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Palestinians Snub Americans by Staying Away from Meeting

A high-level American diplomatic delegation was disappointed when only four of 15 Palestinian leaders invited to meet with them showed up Saturday at the U.S. consul general’s residence in West Jerusalem.

The Americans had hoped to sound them out on the Palestinian elections Israel proposes to hold in the West Bank and Gaza Strip.

Some of the absentees sent the visiting Americans letters explaining why they did not attend the meeting. Observers, reading between the lines, detected a deliberate snub.

They recalled that former U.S. Secretary of State George Shultz was similarly snubbed when he tried to arrange meetings with Palestinian personalities during the height of his shuttle diplomacy here in 1988.

The American team is headed by Dennis Ross, director of policy planning at the U.S. State Department and a close aide to Secretary of State James Baker.

A few of the 11 who did not show up told American reporters that they agreed to meet with the delegation later in the week, presumably after it returns here from visits to Jordan and Egypt.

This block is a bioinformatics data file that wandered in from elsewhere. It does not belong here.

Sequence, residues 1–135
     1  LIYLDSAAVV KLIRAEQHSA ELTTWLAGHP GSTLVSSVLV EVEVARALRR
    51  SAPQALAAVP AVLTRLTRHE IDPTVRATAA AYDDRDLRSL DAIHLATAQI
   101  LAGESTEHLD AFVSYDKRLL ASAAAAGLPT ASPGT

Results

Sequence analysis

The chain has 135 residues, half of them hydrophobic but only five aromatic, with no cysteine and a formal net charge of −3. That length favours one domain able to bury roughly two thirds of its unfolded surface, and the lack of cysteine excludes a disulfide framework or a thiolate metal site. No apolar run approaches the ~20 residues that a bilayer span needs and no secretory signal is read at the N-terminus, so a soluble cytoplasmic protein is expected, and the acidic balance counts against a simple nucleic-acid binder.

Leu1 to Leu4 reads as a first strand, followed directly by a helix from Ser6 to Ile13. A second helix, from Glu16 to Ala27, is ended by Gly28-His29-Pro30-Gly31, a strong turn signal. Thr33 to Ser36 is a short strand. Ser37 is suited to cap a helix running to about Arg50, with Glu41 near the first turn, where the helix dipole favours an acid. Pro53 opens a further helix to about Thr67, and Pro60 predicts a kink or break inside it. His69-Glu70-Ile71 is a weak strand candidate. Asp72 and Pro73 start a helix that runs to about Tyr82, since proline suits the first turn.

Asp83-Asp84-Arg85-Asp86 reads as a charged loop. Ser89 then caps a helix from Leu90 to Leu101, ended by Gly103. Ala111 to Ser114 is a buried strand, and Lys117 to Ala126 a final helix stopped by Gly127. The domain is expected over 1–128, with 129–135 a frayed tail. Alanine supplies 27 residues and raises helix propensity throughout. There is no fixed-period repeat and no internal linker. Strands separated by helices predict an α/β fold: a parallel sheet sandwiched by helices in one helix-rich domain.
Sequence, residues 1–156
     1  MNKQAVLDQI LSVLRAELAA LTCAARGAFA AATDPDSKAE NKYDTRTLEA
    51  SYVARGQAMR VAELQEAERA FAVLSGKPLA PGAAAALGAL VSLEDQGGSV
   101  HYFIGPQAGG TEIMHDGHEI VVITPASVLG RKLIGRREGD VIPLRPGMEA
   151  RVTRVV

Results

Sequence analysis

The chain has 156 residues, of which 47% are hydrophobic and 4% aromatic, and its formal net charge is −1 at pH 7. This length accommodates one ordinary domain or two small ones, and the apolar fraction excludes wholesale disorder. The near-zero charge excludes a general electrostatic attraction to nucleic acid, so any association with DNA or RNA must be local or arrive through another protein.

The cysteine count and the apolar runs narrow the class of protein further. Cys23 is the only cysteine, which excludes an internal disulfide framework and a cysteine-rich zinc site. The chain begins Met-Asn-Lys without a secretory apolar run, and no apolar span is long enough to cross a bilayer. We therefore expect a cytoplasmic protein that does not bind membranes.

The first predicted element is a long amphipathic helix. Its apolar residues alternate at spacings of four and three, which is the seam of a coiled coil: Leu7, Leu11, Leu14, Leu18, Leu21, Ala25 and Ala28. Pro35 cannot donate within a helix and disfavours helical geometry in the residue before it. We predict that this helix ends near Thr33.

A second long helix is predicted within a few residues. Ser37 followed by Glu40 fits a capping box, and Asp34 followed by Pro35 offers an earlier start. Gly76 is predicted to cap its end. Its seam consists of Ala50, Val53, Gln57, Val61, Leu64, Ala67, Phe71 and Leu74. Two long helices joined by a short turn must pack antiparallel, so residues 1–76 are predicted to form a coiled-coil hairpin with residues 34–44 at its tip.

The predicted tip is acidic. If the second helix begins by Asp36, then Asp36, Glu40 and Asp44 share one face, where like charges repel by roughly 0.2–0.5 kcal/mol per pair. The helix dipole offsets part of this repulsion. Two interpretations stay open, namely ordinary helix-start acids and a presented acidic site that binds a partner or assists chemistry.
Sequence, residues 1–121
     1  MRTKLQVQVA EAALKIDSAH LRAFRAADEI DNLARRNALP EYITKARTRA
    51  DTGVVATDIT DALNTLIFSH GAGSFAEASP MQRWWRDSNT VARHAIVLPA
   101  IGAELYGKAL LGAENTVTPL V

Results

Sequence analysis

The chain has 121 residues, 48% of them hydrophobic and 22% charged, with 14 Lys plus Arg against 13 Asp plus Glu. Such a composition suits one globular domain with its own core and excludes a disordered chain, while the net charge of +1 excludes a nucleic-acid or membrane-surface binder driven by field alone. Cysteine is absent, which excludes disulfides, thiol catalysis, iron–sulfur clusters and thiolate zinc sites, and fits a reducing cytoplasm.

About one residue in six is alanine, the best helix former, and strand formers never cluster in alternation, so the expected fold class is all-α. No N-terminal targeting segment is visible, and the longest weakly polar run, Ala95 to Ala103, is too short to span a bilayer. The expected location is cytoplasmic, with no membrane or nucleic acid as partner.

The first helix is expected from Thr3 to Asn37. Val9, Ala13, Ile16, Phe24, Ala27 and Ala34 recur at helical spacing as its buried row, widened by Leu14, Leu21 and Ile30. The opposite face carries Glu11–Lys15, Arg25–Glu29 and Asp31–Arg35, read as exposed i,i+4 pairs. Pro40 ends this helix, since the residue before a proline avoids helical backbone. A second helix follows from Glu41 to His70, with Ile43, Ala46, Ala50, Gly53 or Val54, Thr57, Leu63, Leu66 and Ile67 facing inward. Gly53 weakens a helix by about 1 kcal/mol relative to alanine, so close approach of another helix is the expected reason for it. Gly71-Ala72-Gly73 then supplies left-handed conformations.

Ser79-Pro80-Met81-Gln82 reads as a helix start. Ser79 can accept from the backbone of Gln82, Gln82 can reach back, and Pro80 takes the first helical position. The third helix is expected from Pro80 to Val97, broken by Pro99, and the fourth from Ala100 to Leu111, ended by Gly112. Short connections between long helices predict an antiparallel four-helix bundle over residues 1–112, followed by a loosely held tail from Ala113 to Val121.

But they said the meeting would have to be held in East Jerusalem.

One of the leaders who did attend, Mayor Elias Freij of Bethlehem, said the Palestinians accepted the Israeli election idea “in principle,” on condition that the balloting is conducted under “international supervision” and is approved by the Palestine Liberation Organization.

Freij also insisted that “East Jerusalem is part of the occupied West Bank” and its Arab residents therefore should be allowed to vote.

Israel considers East Jerusalem indivisible from the rest of the city and part of Israeli soil.

The Americans met Saturday with Vice Premier Shimon Peres, head of the Labor Party, at his home in Tel Aviv. They called on Prime Minister Yitzhak Shamir immediately after Sunday’s Cabinet meeting.

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